What kind of advice we giveWe try to diagnose your problem and give as much advice and suggestions as we can in the limited time available. Our advice is based on the information you provide to us when you attend a Richmond Legal Advice Service (RLAS) advice clinic. If you have any documents (such as letters, forms, receipts or other papers) which are relevant please bring bring them along. For example, if you have a problem concerning
- renting a flat: you should bring the tenancy agreement and inventory, notices sent by the landlord, and any letters/emails that you or the landlord have written; or
- employment: bring your employment contract, rules about, e.g. disciplinary and grievances matters, letters/emails you and your employer have written; or
- something that you have bought: you should bring the invoice/receipt for the item bought, and any letters/emails and the retailer have written, and any estimates for repairs.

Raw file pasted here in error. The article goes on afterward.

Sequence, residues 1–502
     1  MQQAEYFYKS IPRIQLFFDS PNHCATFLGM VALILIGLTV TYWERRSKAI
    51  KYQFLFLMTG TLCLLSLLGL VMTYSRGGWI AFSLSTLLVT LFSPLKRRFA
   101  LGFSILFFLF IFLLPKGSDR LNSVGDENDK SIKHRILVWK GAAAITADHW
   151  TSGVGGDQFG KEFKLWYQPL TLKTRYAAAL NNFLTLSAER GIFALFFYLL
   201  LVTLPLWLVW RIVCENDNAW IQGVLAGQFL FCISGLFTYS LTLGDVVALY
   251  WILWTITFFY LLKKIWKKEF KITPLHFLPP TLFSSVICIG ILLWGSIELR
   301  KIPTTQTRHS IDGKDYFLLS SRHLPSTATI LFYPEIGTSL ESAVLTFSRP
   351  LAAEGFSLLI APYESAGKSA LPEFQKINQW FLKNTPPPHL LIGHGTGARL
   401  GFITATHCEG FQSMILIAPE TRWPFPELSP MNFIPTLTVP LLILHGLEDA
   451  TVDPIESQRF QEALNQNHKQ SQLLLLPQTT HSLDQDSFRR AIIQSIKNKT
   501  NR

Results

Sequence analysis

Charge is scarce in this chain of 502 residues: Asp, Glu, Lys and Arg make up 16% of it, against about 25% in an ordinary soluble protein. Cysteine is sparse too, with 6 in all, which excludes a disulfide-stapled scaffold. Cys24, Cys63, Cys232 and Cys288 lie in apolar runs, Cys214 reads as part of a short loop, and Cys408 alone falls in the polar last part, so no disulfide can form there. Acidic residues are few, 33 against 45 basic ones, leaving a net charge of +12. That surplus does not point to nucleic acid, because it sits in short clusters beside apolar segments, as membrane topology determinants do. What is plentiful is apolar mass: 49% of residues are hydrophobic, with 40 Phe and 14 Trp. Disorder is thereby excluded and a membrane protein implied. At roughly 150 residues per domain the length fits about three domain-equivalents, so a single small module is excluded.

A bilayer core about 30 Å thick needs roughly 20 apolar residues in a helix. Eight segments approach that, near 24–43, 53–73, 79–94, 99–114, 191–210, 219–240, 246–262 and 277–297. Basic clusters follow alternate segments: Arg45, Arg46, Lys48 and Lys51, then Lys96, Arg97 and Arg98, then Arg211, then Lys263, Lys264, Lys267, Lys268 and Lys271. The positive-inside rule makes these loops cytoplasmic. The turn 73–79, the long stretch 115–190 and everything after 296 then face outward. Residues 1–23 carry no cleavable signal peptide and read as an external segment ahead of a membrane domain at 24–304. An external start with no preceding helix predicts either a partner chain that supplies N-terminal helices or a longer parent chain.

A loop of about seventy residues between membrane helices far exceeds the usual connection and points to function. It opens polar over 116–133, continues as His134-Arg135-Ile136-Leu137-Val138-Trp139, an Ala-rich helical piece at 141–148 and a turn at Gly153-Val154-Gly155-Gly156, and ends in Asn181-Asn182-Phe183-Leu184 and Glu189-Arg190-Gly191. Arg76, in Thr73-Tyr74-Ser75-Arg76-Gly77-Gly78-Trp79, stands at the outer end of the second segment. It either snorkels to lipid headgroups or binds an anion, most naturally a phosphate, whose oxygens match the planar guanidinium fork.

- a dispute with a neighbour over a boundary or building: you should bring any (Land Registry) title deeds (including plans), letters/emails to and from your neighbour, if affecting the party wall, the notices sent under the Party Wall Act and any communications/reports from the surveyor.
Although we do not (and are not able) to “take on” cases in the same way that a firm of solicitors or an law centre can, we can help you by drafting letters, filling in court forms and advising you over several sessions.
Note: We do not provide representation before the courts or in tribunals. Also, if your problem appears to be too complex for an instant answer, or requires more time and attention than we can allocate during our sessions, we will generally recommend that you will need to go to a firm of solicitors or other advice agency. We have a list of local solicitors, many who provide assistance under the legal aid scheme or enter into conditional/contingency fee arrangements. This list is also available for download)
Where you need to do something quickly or where you require immediate on-going help we will have to ask that you obtain advice and/or help elsewhere. For example, if you have a court or tribunal hearing within a few days, or the amount of help you need is large, but that help must be provided within a short period. This is because of our limited opening hours (one evening per a week) and that the adviser who sees you will not be present every week (or cannot work on your problem during the day).
Last updated: 9 January 2013